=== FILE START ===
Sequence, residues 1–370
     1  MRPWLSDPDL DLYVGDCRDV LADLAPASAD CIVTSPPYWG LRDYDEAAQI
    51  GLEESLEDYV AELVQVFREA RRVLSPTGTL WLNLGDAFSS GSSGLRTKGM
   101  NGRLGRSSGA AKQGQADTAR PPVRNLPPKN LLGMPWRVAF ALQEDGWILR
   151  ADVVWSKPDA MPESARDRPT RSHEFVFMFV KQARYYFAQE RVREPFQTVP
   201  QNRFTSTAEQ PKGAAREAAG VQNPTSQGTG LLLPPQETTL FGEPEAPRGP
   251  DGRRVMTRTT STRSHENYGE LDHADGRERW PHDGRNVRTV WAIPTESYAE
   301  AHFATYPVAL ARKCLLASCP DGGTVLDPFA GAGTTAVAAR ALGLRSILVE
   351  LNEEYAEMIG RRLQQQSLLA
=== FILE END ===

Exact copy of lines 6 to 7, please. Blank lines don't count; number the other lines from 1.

   201  QNRFTSTAEQ PKGAAREAAG VQNPTSQGTG LLLPPQETTL FGEPEAPRGP
   251  DGRRVMTRTT STRSHENYGE LDHADGRERW PHDGRNVRTV WAIPTESYAE